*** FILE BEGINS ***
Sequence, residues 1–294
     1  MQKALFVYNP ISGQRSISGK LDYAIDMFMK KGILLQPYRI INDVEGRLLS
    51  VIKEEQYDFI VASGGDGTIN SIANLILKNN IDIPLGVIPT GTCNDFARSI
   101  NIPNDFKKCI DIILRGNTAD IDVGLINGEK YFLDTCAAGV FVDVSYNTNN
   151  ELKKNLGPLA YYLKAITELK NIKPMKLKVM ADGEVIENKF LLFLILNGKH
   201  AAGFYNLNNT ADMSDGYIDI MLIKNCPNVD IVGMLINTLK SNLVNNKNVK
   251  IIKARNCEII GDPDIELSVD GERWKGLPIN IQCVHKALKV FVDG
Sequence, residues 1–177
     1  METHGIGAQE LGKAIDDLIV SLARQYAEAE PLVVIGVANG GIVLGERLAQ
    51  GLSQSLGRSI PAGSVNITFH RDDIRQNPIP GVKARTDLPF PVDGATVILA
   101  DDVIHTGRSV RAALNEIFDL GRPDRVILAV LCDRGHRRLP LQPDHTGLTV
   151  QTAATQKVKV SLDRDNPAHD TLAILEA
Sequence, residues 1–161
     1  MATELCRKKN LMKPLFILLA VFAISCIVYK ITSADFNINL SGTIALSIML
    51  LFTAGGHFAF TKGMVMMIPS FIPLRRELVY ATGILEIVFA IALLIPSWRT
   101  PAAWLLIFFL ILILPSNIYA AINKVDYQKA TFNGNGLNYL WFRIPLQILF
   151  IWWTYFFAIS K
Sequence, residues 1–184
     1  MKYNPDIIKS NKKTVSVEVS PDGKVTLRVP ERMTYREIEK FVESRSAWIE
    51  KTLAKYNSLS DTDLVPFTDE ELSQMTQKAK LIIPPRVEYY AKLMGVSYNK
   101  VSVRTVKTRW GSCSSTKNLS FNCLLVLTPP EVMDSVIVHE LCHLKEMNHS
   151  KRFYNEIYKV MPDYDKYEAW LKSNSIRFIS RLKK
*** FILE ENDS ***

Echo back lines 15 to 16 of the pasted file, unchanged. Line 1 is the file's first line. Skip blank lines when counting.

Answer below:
    51  LFTAGGHFAF TKGMVMMIPS FIPLRRELVY ATGILEIVFA IALLIPSWRT
   101  PAAWLLIFFL ILILPSNIYA AINKVDYQKA TFNGNGLNYL WFRIPLQILF